Celine K Carret. EMBO Molecular Medicine; Frankfurt. Volume 12, Issue 5. May 2020.
Gérard Krause (GK) is a medical epidemiologist. After his doctoral degree 1993 in Heidelberg, he worked in internal and tropical medicine, hospital hygiene and epidemiology in Germany and the USA. Between 2000 and 2013, he was unit head and Director at the Robert Koch Institute, Berlin. After his habilitation 2005, he became full professor at the Hanover Medical School in 2011 and department head at the Helmholtz Centre for Infection Research, Braunschweig and since 2016 also Director at TWINCORE, Hannover.
Akiko Iwasaki (AI) is a Waldemar von Zedtwitz Professor of the Department of Immunobiology and Department of Molecular, Cellular, and Developmental Biology at Yale University and an investigator at the Howard Hughes Medical Institute. She earned her doctoral degree in immunology from the University of Toronto. Iwasaki did her Postdoctoral Fellow at the National Institutes of Health.
Samuel Alizon (SA) is a CNRS Research Director based in the MIVEGEC department in Montpellier, France. He is an evolutionary ecologist specialised in the modelling of infectious disease dynamics. Alizon earned his PhD in 2006 at Université Paris 6 and his habilitation in 2013 at Université Montpellier.
Rino Rappuoli (RR) is Chief Scientist and Head of External Research and Development (R&D) at GlaxoSmithKline (GSK) Vaccines. Previously, he has served as visiting scientist at Rockefeller University and Harvard Medical School and held roles at Sclavo, Vaccine Research and CSO, Chiron Corporation, and Novartis Vaccines.
EMM: Following Italy, many other European countries and the USA are implementing various degrees of quarantine/social distancing to slow down the spread of the virus. Are drastic lockdown measures as applied in Huabei better than enforced social distancing to halt COVID‐19? Are these measures applied too late to have optimal impact? What would it take for other countries to escape the dramatic escalation we see in Italy or the USA?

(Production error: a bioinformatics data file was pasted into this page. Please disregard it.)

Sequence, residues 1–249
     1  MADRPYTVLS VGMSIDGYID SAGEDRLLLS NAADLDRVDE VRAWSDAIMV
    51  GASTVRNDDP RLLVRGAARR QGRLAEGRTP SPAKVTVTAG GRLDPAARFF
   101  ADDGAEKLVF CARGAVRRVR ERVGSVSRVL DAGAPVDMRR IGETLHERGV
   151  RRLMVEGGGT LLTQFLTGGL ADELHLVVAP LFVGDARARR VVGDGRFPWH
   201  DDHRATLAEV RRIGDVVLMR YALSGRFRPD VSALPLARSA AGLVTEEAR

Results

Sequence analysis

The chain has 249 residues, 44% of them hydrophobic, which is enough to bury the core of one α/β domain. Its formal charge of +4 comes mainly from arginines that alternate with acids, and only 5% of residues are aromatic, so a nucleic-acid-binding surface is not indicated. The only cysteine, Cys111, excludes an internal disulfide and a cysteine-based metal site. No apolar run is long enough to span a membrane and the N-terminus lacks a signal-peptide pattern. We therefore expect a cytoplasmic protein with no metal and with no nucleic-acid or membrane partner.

GK: We are looking into a situation that will only unfold fully over the next 12-24 months. Therefore, assessment of what the better approach is also quite risky at this point.
SA: To date, we are lacking detailed models to know for sure. Regarding “optimality”, there is a strong policy matter involved because one strategy can be to slow the virus spread in the population to achieve the herd immunity threshold (~ 60% for COVID‐19) through natural immunity and another is to halt its spread as long as possible for a safe and efficient vaccine to be ready to implement. Furthermore, factoring in the health cost of the lockdown itself is as crucial as it is difficult.
RR: I believe that all western countries initially underestimated the impact that COVID‐19 was going to have on the healthcare system, mortality and the economy. Quarantine and social distancing work much better if rigorously implemented very early, before the cases are widespread. At this point, all countries are implementing measures similar to those implemented in Italy.
EMM: Many Asian countries and regions appeared better prepared for the outbreak and to date report a lower rate of increase in cases (in particular Taiwan and Hong Kong) or decreasing numbers (Mainland China, Korea). What did they do right from the beginning?
AI: These countries were a lot better prepared to deal with outbreaks. Hong Kong in particular has had long‐standing preparedness with epidemics. China implemented aggressive quarantine measures relatively early on. Korea quickly responded by conducting massive testing and quarantining infected people. Taiwan also responded quickly and systematically to implement rapid testing and containment. The key to dealing with epidemics is to act as early as possible because the virus spreads exponentially among an immunologically naïve population. Some key measures include hand washing, social distancing, testing widely, quarantining infected people, contact tracing and multiple retesting before lifting quarantine.
RR: These countries were very rigorous in implementing and enforcing from the very beginning the measures required to reduce the spread of the virus.
EMM: There is evidence for superspreader events at the beginning of the Korean epidemic and the European pandemic (e.g. at a bar in Ischgl, Austria). Does pandemic spread require such superspreader events? Would this have been preventable with better preparation and quick reaction such as in Taiwan?
SA: Heterogeneity in individual transmission is an interesting phenomenon. During the early stages of an outbreak, this heterogeneity increases the probability that the pathogen goes extinct. Indeed, for the same average basic reproduction number (R0), the presence of a superspreader also means that many hosts will cause zero secondary infections. Conversely, once the outbreak has escaped stochastic extinction, the same heterogeneity will increase the speed of spread. In summary, to prevent the emergence of an outbreak, biodiversity (e.g. of animal hosts) could offer more protection than genetic uniformity. Conversely, once the epidemic is there, decreasing superspreading events is essential.